New York Needs a Wrecking Ball

New York Times architecture critic Nicolai Ouroussoff argues that some buildings make the city worse, and lists of some that need to be demolished. Included in his list are Penn Station, Madison Square Garden and Astor Place.

"Instead of crying over what can't be built, why not refocus our energies on knocking down the structures that not only fail to bring us joy, but actually bring us down?"

"Ugliness, of course, should not be the only criterion. There are countless dreadful buildings in New York; only a few (thankfully) have a traumatic effect on the city."

"So the list will not include affronts that are merely aesthetic. To be included, buildings must either exhibit a total disregard for their surrounding context or destroy a beloved vista. Removing them would make room for the spirit to breathe again and open up new imaginative possibilities."

Full Story: New York City, Tear Down These Walls



Two More To Demolish

I am amazed to read an Ouroussoff column that I like. I would add two more to the list of buildings to be demolished:

1- The Federal Building on Foley Square. In addition to being out of scale with the older classical buildings on Foley Square and clashing with them stylistically, this building was set back behind a plaza that ruins the definition of the square. I think that, if they had filled its whole site rather than setting it back, they could have gotten the same square footage into a building whose height would have fit in with the other buildings around the square.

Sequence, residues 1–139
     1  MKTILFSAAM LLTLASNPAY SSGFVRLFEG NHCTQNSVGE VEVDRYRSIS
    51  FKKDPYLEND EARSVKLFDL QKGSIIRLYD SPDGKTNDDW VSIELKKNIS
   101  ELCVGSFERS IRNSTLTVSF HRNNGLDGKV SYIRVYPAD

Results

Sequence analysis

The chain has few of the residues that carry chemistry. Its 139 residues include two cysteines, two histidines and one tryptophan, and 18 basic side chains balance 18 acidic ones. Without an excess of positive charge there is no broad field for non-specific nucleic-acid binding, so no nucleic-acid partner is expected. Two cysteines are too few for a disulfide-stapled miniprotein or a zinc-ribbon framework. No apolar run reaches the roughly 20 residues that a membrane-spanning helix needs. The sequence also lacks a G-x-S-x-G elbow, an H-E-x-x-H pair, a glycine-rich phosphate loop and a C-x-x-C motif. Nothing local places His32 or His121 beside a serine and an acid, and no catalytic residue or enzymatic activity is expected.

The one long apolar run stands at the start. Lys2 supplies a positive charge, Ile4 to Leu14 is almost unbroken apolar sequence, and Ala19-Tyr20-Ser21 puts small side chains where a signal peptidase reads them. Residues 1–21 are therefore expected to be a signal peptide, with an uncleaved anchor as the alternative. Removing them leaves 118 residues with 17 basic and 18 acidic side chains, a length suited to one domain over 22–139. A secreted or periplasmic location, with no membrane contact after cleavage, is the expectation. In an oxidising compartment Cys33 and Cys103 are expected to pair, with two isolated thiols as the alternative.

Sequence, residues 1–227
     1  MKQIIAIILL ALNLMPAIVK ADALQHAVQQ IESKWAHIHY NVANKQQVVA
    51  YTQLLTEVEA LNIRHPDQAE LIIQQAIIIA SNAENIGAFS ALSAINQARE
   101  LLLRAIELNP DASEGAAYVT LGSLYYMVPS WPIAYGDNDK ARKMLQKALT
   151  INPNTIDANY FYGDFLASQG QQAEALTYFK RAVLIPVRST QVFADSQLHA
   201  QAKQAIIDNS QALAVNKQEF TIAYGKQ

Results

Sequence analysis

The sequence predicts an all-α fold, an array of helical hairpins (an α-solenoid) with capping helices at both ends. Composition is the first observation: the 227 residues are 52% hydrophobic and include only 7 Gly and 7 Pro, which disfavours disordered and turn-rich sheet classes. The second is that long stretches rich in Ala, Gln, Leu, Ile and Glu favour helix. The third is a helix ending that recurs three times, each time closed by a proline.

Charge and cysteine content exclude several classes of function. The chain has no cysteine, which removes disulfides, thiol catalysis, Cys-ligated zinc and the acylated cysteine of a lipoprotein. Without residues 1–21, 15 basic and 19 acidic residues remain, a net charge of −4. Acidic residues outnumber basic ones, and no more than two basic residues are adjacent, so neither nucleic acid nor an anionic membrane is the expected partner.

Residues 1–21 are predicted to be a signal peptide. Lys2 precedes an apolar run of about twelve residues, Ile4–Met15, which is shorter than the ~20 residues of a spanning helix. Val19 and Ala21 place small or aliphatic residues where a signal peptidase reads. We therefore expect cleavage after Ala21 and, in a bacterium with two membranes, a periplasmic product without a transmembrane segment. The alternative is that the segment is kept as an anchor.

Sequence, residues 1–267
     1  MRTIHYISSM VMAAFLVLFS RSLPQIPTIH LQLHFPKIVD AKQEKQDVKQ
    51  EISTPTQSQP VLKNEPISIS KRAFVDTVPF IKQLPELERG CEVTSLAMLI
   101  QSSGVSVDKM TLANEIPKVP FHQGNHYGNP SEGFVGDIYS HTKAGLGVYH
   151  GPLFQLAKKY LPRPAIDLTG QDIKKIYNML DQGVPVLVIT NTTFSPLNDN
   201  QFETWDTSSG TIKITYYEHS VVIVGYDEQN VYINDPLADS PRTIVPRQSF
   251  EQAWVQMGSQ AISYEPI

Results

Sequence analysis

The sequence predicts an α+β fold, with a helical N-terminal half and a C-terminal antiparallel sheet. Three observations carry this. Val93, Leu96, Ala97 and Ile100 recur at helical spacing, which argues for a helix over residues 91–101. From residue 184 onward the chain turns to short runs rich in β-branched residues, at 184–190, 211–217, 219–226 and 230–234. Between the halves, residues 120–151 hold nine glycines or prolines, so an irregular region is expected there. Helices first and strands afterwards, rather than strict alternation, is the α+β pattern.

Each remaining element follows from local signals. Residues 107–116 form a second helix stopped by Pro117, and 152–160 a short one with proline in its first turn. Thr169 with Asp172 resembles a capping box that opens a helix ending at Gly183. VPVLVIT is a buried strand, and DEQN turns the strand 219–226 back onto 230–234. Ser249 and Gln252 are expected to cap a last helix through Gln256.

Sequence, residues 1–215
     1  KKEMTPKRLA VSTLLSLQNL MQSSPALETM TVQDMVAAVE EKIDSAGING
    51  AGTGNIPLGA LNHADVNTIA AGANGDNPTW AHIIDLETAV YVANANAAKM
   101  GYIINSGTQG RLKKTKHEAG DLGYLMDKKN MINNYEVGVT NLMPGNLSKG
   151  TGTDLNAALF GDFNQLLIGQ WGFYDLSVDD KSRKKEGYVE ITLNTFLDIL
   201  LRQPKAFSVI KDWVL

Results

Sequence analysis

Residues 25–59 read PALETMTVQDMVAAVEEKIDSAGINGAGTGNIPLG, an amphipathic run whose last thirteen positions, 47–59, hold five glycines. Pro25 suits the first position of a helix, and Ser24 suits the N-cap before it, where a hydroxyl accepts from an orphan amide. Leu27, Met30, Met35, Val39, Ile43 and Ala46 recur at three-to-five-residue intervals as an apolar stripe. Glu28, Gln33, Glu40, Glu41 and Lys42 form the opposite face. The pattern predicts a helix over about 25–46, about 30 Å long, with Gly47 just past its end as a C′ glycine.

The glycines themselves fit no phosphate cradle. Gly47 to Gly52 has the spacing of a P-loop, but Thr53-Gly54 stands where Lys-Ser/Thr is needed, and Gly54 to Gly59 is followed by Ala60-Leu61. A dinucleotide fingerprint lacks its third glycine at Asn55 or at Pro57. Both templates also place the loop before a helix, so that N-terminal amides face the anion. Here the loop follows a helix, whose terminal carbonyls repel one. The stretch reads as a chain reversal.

For a picture of the Federal Building, see
and for pictures of other buildings around Foley Square, see

2-2 Broadway on Bowling Green. Another sterile modernist intruder in what could be a great classical cityscape focused on the Custom House building.
For a picture of 2 Broadway, see
For the classical office buildings around Bowling Green (with a sliver of 2 Broadway visible on the right), see
For the custom house, see

Charles Siegel

Prepare for the AICP* Exam

Join the thousands of students who have utilized the Planetizen AICP* Exam Preparation Class to prepare for the American Planning Association's AICP* exam.
Starting at $245
AICP CTP Storefont Display

The first online AICP* CTP exam prep class

Are you ready to take the AICP* Certified Transportation Planner exam?
Priced at $245 for May exam!
Book cover of Contemporary Debates in Urban Planning

Contemporary Debates in Urban Planning

Featuring thought-provoking commentary and insights from some of the leading thinkers and practitioners in the field.
Planetizen Courses image ad

Planetizen Courses

Advance your career with subscription-based online courses tailored to the urban planning professional.
Starting at $16.95 a month